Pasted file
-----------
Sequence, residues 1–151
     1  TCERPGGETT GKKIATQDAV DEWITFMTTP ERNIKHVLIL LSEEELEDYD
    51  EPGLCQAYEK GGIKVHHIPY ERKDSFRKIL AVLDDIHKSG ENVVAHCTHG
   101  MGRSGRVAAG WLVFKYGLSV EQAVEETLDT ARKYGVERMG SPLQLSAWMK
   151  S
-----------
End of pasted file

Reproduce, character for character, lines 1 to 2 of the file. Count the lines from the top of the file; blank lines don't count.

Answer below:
Sequence, residues 1–151
     1  TCERPGGETT GKKIATQDAV DEWITFMTTP ERNIKHVLIL LSEEELEDYD